The Special Organized Crime Unit (SOCU), over the last few weeks, has forwarded more than a dozen files, including one on Pradoville 2, to police legal advisor, retired judge Claudette Singh but to date none have been returned.
Sunday Stabroek was reliably informed that the unit sent at least 15 files to Singh with recommendations for charges. It was explained that once an investigation is complete, the unit will put a file together and send it along, with recommendations for charges, to Singh for her to examine. Singh, after looking at the evidence gathered, can make recommendations of her own following which the file is sent to the Chambers of the Director of Public Prosecutions (DPP). The DPP is the only legal authority in Guyana that can advise the police to lay charges against someone. As such with regard to the matters investigated by SOCU, the DPP’s Chambers has the final say.
SOCU was set up in 2014 by the previous administration as part of the requirements for anti-money laundering and countering the financing of terrorism legislation. SOCU has its own staff including investigators. Its head is Sydney James an army intelligence officer who was given an Assistant Commissioner rank.
In February, James had told Stabroek News that investigators were looking at many matters including 18 audit reports. The government, shortly after taking office, had ordered audits of National Industrial and Commercial Investments Limited (NICIL), the Guyana Marketing Corporation, Cricket World Cup, the Sparendaam Housing Project also called Pradoville 2, the Guyana Rice Development Board, Guyana Power and Light Inc (GPL), Mahaica Mahaicony Abary-Agriculture Development Authority, Guyana Office for Investment, the Hydrometeorological Office, the National Communications Network (NCN), the Marriott Hotel, the Guyana Energy Agency, GuyOil, the Guyana Gold Board, the National Frequency Management Unit, the One Laptop Per Family project, the E-Governance Project and the Georgetown Public Hospital Corporation. Once the audits were completed and the final reports were submitted to government, the documents were forwarded to SOCU for a criminal probe to be conducted.
James had told Stabroek News that looking at these reports was no easy task since they have resulted over in over 100 smaller investigations.
In attempting to further explain the complexity of the audit investigations, James had said that there were about 86 separate investigations arising out of the NICIL audit and 45 out of the GRDB audit. He explained that the challenge with these matters is that “people might think that if I say NICIL, it is one matter… [but] it has several investigations inside.”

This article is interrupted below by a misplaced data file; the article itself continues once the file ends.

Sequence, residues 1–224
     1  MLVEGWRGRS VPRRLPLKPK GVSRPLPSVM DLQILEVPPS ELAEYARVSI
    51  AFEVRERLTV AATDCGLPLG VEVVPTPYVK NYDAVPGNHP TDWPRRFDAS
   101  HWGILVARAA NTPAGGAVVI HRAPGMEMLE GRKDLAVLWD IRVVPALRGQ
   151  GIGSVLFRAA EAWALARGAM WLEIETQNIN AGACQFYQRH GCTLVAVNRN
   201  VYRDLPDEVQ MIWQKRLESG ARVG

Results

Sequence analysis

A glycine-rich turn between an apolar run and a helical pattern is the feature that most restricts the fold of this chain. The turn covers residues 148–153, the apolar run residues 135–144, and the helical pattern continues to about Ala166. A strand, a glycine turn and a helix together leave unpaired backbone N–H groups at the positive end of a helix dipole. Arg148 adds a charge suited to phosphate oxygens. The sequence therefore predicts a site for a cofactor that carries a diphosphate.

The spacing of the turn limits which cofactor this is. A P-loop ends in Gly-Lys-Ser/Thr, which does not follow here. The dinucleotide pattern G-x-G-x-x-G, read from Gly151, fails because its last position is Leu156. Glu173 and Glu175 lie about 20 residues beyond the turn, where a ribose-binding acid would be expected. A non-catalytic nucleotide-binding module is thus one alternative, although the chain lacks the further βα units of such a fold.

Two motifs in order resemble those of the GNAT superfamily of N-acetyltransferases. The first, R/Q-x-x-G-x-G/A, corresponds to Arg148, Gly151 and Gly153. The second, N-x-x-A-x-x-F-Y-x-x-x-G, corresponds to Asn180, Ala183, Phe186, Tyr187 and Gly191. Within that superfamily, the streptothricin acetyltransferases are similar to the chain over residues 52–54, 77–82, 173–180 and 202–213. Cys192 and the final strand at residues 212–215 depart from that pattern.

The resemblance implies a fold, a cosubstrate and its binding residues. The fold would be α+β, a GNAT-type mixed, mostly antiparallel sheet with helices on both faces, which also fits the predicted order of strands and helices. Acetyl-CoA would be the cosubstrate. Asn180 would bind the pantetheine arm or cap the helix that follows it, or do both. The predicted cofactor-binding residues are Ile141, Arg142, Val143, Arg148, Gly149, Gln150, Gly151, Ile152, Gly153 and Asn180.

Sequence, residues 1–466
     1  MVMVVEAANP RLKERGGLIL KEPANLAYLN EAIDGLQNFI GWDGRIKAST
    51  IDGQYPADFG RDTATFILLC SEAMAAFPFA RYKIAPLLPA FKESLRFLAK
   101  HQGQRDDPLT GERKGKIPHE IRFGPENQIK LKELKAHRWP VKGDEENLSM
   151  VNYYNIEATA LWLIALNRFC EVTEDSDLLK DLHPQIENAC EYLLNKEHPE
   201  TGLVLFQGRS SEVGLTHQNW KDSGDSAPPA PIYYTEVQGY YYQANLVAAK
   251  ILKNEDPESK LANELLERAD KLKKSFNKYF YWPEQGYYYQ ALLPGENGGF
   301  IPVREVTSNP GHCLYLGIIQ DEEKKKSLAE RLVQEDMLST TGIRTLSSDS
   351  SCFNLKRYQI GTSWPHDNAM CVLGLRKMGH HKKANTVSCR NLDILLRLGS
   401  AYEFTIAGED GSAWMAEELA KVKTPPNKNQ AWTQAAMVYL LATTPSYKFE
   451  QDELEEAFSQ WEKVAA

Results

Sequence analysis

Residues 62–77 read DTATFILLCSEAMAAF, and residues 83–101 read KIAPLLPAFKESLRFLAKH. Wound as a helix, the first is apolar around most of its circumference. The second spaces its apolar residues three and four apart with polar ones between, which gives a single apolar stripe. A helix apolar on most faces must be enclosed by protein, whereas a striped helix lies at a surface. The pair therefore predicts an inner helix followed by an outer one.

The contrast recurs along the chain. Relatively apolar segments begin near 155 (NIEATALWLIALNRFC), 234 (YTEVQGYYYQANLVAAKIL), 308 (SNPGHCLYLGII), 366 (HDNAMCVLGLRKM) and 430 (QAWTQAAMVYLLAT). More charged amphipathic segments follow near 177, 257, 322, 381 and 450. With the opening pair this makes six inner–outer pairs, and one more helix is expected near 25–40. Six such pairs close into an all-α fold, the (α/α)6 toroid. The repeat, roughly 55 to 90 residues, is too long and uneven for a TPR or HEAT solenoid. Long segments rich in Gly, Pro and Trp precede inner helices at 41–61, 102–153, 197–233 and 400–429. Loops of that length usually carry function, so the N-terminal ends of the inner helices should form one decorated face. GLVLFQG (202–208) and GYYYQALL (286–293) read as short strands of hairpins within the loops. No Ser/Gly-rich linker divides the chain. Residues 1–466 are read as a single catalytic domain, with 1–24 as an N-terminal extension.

The Pradoville 2 investigation has generated a lot of public interest since the audit revealed that lands were sold way below market prices to a selected few. Those who benefited from the arrangement, which was handled personally by then housing minister Irfaan Ali included former president Bharrat Jagdeo, his cabinet and close affiliates including DPP Shalimar Ali-Hack and former army chief Gary Best.
Jagdeo; former head of the Presidential Secretariat Dr Roger Luncheon; former natural resources minister Robert Persaud; Lisaveta Ramotar, who is the General Manager of the Guyana Gold Board and daughter of former president Donald Ramotar; Ramesh Dookhoo, former Chairman of the Private Sector Commission; and Dr Ghansham Singh, who were all beneficiaries of house lots in the scheme, were arrested and questioned before being released without charge on March 7. That same day Marcia Nadir-Sharma, former Deputy Director of state holding company NICIL, was also questioned.
The following day, seven others—former prime minister Samuel Hinds, Ali, former home affairs minister Clement Rohee, former education minister Priya Manickchand, former chief executive officer of the Guyana Water Incorporated Shaik Baksh, former labour minister Nanda Gopaul and former public service minister Dr Jennifer Westford—were questioned by SOCU. Subsequently, former presidential press officer Kwame McCoy; former head of the Office for Climate Change Andrew Bishop; Ali-Hack and her husband, Moeen ul-Hack and Best were questioned.
Two weeks ago it was revealed that the file was sent by the unit to Singh with recommendations that a number of those under investigation be charged.
A special investigation of the Sparendaam Housing Project, which was part of a larger probe of the financial operations of the Central Housing and Planning Authority (CH&PA) was conducted by accounting firm Ram and McRae.
The investigation revealed that the allocation of the land was a clandestine arrangement that was handled personally by Ali and it was concluded that a criminal case for misfeasance can be made against the PPP/C cabinet members who benefited.
The forensic audit, found that awardees grossly underpaid for the lots by a total of nearly $250 million, while the state-owned NICIL, NCN and GPL were never reimbursed for millions spent to execute preparatory works.
“Our examination leads to the conclusion that the project was done outside of the established procedures and that Minister Ally [sic] piloted every aspect of the transaction without recourse to the Authority. While the minister has considerable powers under the Housing Act, his role in the issue of titles was well outside of his functions and powers,” the final report, which was seen by Stabroek News, said.
The report added that the awardees made payments to the CH&PA but these were significantly lower than the market value. “No files were maintained by CHPA for any of the plots allocated by a process that can be described as lacking transparency at best,” it further said.
Jagdeo at a June 9 press conference had said that the continuous pursuit of this particular matter was nothing but vindictiveness. He made it clear that the setting of prices for the lands bought, among other issues, will be ventilated in and determined by the court.